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Best way to combat vocal mic bleed in live scenario?

Discussion in 'Vocals' started by FrostAtronach, Feb 9, 2013.

  1. FrostAtronach

    FrostAtronach Active Member

    Hey there, I play in a 2 person metal band and lately during rehearsals we have run into high bleed on the mic. I'm using a Shure Beta58.
    I have tried multiple positions around the room to eliminate bleed, and so far have reduced it a little If it matters, we use a rectangle room covered in sound paneling, extra sound blocking baffles on one wall (behind drumset) to the left, Guitar amp to the right, with vocals in the middle. We are running one vocal mic (in the middle) to the mixer then to a jbl aeon 300 Pa system. Also i have already gated the microphone to only open when there is loud noise directed right at it.

    Thank you for your help. I have a show tonight duh
  2. bouldersound

    bouldersound Real guitars are for old people. Well-Known Member

    You're probably already doing this, but use relative distance and the polar pattern of the mic to your advantage. Eat the mic and stay on axis, place it so sources of bleed are as far away as possible and in the nulls of the mic (counting reflections). Gates become pretty useless when bleed is close to the same level as the intended source (or higher). Not sure what your "sound paneling" consists of, but more absorption might help. Turning down will help, but that advice always seems to get ignored.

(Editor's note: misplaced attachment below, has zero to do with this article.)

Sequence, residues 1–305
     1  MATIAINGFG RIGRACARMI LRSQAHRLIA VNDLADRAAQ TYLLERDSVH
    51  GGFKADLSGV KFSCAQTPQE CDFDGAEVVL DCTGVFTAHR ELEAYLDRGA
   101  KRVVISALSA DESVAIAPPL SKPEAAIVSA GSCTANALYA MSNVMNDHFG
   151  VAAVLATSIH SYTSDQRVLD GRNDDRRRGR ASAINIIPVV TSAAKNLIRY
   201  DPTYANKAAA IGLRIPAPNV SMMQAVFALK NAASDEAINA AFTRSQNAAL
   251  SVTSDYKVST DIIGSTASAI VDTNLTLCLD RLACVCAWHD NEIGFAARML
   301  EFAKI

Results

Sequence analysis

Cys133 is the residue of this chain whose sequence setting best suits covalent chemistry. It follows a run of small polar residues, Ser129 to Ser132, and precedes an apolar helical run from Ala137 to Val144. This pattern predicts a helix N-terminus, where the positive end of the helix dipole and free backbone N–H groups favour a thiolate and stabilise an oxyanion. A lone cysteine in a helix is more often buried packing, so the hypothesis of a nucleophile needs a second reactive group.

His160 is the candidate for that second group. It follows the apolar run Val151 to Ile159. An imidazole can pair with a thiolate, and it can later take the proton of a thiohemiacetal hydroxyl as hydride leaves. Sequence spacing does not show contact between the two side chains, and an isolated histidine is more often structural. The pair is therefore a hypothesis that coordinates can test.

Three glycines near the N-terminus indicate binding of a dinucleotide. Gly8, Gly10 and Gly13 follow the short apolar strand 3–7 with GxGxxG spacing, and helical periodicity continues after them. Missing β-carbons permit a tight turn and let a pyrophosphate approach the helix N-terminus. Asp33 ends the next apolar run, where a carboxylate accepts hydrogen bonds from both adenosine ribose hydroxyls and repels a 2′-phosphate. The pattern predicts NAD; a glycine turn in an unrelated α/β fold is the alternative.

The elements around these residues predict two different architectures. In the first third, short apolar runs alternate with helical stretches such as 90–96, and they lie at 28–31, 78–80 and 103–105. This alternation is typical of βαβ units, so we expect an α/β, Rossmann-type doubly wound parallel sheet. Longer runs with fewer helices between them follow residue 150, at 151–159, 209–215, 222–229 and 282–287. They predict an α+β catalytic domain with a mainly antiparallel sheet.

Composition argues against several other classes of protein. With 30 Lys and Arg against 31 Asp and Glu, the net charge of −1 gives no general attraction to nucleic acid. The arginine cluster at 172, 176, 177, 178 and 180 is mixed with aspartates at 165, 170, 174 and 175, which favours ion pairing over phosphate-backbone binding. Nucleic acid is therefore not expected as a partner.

3. Paul999

    Paul999 Active Member

    Boulder sound has it nailed. When vocalists want to record at the same time as the band in my studio I do try to isolate them but if not I have a scalable sound trap system that includes a window to block most of the bleed out. I always tell the band that the bleed in the vocal mic will determine the volume that the band can play at.
  4. FrostAtronach

    FrostAtronach Active Member

    I assure you turning down was the first thing we tried. Unfortunately there is a limit to how low i can play at so my drummer can hear me. In this setting, the only thing mic'd is vocals so we need to be certain he can hear me. As for eating the mic, i try to do that and am usually spot on. Thanks for your help
  5. FrostAtronach

    FrostAtronach Active Member

    Thank you for your input
  6. RemyRAD

    RemyRAD Well-Known Member

    There is another microphone technique that can eliminate most bleed. It's called a differential microphone. It actually requires a pair of identical microphones. The microphones are taped together/strapped together. You only sing into one. The other microphone is connected to the microphone you are singing in, with an XLR Y cord where one of the two female connectors is wired phase reversed on pins two and three. And it won't pick up any bleed no matter how loud the band gets. Sounds a bit funky as it affects the response of the microphone but hey, no bleed.